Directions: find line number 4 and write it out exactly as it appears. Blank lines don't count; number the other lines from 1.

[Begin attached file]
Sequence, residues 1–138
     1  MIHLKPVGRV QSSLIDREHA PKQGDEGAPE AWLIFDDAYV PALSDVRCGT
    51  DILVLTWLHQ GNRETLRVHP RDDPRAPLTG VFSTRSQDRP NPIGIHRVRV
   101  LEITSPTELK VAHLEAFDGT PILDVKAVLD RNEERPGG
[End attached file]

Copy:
   101  LEITSPTELK VAHLEAFDGT PILDVKAVLD RNEERPGG